Box 8: Key indicators of nutrition benefits through environment and the sustainable management of natural resources 25

Box 9: Key indicators for nutrition benefits through governance 27

Box 10: Key indicators for nutrition benefits through human rights 28

Box 11: Introducing nutrition objectives into a national strategic framework 33

Box 12: Incorporating nutrition objectives in programming 33

Box 13: Principles of good international engagement in fragile states 36

Box 14: Sector Terminology 40

Box 15: Key nutrition indicators for general and sector approaches 45

Box 16: Key issues concerning nutrition in humanitarian response 48

Box 17: Key nutrition indicators in emergencies 51

Abbreviations

AAP Annual Action Programme

BMI Body mass index (see glossary)

CSP Country Strategy Paper

DAC Development Assistance Committee (of OECD)

DALY Disability Adjusted Life Year (see glossary)

DHS Demographic and Health Surveys

DCI Development Cooperation Instrument

DG Directorate-General of the European Commission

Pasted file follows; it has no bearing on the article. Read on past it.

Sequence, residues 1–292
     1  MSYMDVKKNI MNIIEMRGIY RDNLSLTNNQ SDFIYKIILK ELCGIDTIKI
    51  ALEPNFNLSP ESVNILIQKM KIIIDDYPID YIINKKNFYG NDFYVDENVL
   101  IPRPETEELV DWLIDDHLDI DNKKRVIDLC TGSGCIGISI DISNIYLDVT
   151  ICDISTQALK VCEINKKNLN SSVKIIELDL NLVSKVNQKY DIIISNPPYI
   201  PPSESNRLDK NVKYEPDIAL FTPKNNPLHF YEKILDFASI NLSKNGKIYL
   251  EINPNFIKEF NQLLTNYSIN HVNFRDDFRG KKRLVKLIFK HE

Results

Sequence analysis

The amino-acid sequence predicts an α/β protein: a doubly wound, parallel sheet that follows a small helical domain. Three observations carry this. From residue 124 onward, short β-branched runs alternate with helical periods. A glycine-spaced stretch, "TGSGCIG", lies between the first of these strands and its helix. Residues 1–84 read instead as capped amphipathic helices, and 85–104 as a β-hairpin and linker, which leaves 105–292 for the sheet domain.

DG DEVCO Directorate-General of EuropeAid Development Cooperation Office

DG ECHO Directorate-General for Humanitarian Aid and Civil Protection

EEAS European External Action Service

EC European Commission

EDF European Development Fund

EU European Union

FAO Food and Agriculture Organisation of the UN

GAM Global Acute Malnutrition (i.e. moderate + severe)

GBS General Budget Support

MAM Moderate Acute Malnutrition

MDG Millennium Development Goals

MICS Multiple Indicators Cluster Surveys

MS Member States of the EU

NIP National Indicative Programme

NSA Nutrition Situation Analysis

OECD Organisation for Economic Cooperation and Development

PAN Programa Articulado Nutricional, (National Programme in Peru)

PCM Project Cycle Management

PFM Public Finance/Financial Management

PROGRESA Programa De Educación, Salud y Alimentación, (National Programme in Mexico)

PRSP Poverty Reduction Strategy Paper

SAM Severe Acute Malnutrition

SBS Sector Budget Support

SPSP Sector Policy Support Programme

SWAp Sector-Wide Approach

TAP Technical and Administrative Provisions

UNDAF United Nations Development Assistance Framework

UNICEF United Nations Children’s Fund

WB World Bank

WHO World Health Organisation

Executive Summary


Bachari and his friend, Maman, are both three, but

malnutrition when he was a baby has left Bachari

(right) severely stunted.

Source: Amadou Mbodj – Save the Children (Running on Empty)

Introduction